Breastfeeding Former Preemies and NICU Graduates

Baby receiving skin to skin contact with mom in NICU.

Many babies who go to the neonatal intensive care unit (NICU) after birth are born prematurely (before 37 weeks’ gestation), but NICUs also admit full-term babies. Common reasons for NICU admissions after birth include infections, birth defects, heart problems, premature lungs, seizures, metabolic disorders, low blood sugar, surgical problems, having too much fluid in the lungs, and jaundice.

Breastfeeding Former Preemies and NICU Graduates 

Breastfeeding in the NICU can be challenging. As we’ve discussed in a previous blog post, most NICU moms who opt to breastfeed need to pump to establish and maintain a full breast milk supply and milk production. If a mom is separated from her baby, we recommend that she start to express milk (pump) and colostrum in the first 30-60 minutes after giving birth, if possible. Colostrum is early breast milk that is chock full of antibodies, nutrients, and other important proteins, calciums, and components that strengthen the immune & digestive systems of newborns. This is why early feeding is vital.

There are times when breastfeeding mothers are not able to pump. In these cases, NICUs supplement babies with donor breast milk from a source or milk bank if their mothers cannot breastfeed or make enough milk during their baby’s NICU stay. It is most important for baby’s health as NICU infants who receive their mothers’ milk have been found to have lower risks of infections, improved digestion, shorter hospital stays, and less long-term problems with their lungs and breathing.

Some mothers pump for days to weeks, while those with the smallest and most fragile babies in the NICU often need to pump for several months. Newborns who are born with lung, heart, and/or brain and nervous systems problems usually cannot coordinate their “suck-swallow-breathe” reflexes to be able to safely feed. In addition, most preemies born before 34 weeks’ gestation do not have the strength and endurance to be able to feed at the breasts without tiring out. This is why it’s crucial to use a high quality electric pump to produce the amount of milk the baby needs. Speak to your NICU lactation specialist about the best breast pump for you so you do not waste one drop of your liquid gold!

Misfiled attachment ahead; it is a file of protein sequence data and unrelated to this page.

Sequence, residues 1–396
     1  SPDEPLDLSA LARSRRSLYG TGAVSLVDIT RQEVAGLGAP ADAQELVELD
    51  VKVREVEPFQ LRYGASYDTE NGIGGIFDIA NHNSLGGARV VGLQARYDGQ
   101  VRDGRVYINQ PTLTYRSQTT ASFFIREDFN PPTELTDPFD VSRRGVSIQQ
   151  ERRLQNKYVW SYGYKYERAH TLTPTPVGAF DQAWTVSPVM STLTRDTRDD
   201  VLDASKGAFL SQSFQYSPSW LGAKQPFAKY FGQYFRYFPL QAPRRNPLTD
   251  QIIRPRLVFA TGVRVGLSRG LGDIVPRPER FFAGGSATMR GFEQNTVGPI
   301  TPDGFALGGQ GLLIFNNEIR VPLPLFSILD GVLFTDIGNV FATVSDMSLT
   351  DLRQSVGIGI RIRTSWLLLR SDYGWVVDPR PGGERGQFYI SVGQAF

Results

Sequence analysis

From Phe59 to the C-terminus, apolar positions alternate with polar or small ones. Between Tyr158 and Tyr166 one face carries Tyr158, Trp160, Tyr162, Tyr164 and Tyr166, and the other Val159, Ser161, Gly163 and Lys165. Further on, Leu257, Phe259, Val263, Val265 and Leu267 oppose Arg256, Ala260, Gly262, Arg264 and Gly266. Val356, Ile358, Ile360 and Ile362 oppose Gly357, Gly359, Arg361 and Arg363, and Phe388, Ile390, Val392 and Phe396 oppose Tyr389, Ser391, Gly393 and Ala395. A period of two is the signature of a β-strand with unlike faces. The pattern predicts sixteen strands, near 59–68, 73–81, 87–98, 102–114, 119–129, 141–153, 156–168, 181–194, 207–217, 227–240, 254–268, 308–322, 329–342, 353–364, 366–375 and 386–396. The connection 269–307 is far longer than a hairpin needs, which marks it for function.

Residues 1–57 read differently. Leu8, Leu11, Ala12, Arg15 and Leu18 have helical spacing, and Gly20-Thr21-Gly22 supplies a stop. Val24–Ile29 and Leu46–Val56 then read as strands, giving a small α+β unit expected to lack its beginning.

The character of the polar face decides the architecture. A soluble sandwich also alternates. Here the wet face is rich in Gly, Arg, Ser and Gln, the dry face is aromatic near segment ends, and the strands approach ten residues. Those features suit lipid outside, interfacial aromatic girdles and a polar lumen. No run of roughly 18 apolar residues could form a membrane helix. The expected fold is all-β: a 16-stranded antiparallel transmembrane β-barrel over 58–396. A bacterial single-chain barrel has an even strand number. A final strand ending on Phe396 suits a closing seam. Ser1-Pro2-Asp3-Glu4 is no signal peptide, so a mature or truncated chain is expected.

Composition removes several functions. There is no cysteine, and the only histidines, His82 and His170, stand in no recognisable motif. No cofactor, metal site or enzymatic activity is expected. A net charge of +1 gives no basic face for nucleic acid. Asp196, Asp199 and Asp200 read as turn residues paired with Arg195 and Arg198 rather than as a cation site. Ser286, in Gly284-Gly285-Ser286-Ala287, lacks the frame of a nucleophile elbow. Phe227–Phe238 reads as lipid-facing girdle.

Supplemental Feedings in the NICU

NICU patients receive supplemental feeds of their mothers’ milk through either a bottle or a small plastic tube. Feeding tubes can go into the nostril and down the esophagus into the stomach (nasogastric tube) or into the mouth and down the esophagus to the stomach (orogastric tube). Some infants are discharged home from the NICU with gastrostomy tubes (g-tubes). Infants who are fed with g-tubes get their feedings directly into their stomach, bypassing the mouth, throat, and esophagus. At the time of NICU discharge, most breastfeeding preemies’ diets consist of direct breastfeeds along with supplemental feeds of milk or formula via a bottle or feeding tube (or both).

NICU babyNICU baby

According to neonatal experts, the average premature infant will be able to take all of their feeds at the breast, without needing bottle or tube supplements, somewhere between 42-44 weeks corrected age (or 2-4 weeks past their due date).

Fortification of Breast Milk for NICU Graduates 

NICU “graduates” who are full-term infants often grow and thrive on their mom’s breast milk without any fortification. However, preemie NICU graduates often need to have extra nutrients and calories added to their moms’ expressed breast milk to help them grow, develop, and have strong bones. The two main options for fortifying breast milk for premature babies are human milk fortifiers (HMFs) and transitional infant formulas.

Human milk fortifiers (HMFs) come in both powder or liquid form, contain extra protein, calories, and nutrients, and are added to bottles of pumped breast milk. The frequency and duration of breast milk fortification depends on babies’ birth weights, how early they were born, their growth patterns in the NICU, and bone strength. It’s important to monitor low birth weight infants to make sure they are getting enough breast milk. Some NICU graduates only need to be fed 1-2 bottles of breast milk with added HMF per day, while others need to have almost every milk feed fortified once home.